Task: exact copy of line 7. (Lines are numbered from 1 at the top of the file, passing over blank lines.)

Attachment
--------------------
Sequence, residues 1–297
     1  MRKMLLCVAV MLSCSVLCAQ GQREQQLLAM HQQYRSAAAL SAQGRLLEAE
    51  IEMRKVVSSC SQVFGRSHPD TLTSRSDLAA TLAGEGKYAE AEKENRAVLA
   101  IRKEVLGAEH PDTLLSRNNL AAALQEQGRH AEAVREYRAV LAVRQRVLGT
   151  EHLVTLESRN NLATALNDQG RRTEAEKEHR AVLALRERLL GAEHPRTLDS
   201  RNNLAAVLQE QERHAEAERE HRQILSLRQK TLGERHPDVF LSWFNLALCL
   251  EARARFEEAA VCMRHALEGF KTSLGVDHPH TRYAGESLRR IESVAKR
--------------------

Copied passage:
   251  EARARFEEAA VCMRHALEGF KTSLGVDHPH TRYAGESLRR IESVAKR